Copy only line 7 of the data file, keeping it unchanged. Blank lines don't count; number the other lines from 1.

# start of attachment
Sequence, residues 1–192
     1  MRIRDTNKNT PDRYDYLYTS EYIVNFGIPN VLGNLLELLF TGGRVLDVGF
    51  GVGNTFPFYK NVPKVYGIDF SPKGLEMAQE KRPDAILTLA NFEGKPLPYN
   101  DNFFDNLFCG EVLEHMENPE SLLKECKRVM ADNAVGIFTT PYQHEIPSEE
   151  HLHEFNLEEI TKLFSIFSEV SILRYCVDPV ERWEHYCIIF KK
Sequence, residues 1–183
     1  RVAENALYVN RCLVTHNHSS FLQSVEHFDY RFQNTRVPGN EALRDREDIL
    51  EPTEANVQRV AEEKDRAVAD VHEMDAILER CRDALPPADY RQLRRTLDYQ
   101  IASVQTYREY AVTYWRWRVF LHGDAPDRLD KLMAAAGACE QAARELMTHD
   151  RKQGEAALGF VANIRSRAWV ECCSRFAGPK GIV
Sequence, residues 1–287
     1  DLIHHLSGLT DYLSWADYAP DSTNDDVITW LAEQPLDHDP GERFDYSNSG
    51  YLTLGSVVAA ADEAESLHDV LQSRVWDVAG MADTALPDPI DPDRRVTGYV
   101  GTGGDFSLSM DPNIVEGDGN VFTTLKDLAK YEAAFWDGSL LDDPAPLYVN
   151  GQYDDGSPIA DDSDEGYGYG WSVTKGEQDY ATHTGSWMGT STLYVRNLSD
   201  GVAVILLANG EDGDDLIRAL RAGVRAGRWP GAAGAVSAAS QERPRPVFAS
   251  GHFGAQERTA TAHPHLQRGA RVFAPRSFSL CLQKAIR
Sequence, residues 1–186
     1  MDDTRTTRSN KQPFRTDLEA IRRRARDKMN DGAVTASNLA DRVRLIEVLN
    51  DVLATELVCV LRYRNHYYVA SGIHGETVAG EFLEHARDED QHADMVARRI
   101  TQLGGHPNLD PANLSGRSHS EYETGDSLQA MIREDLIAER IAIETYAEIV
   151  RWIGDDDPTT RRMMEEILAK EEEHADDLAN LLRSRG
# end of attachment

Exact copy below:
     1  RVAENALYVN RCLVTHNHSS FLQSVEHFDY RFQNTRVPGN EALRDREDIL